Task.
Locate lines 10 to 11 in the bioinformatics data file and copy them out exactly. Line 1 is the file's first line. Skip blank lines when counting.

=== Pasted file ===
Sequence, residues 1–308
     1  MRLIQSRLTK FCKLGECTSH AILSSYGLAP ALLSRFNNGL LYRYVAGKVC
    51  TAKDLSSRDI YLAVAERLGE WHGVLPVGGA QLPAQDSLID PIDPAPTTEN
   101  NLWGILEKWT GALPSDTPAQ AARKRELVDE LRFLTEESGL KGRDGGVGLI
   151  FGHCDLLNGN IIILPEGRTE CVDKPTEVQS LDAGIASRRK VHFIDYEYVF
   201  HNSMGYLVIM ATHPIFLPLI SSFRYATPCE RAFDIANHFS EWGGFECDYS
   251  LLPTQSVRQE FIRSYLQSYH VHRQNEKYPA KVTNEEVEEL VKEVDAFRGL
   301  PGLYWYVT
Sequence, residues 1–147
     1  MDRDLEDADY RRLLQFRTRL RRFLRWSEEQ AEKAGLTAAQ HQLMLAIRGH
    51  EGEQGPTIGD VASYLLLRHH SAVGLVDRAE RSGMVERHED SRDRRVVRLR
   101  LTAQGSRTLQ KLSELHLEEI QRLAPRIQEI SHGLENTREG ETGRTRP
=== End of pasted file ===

     1  MDRDLEDADY RRLLQFRTRL RRFLRWSEEQ AEKAGLTAAQ HQLMLAIRGH
    51  EGEQGPTIGD VASYLLLRHH SAVGLVDRAE RSGMVERHED SRDRRVVRLR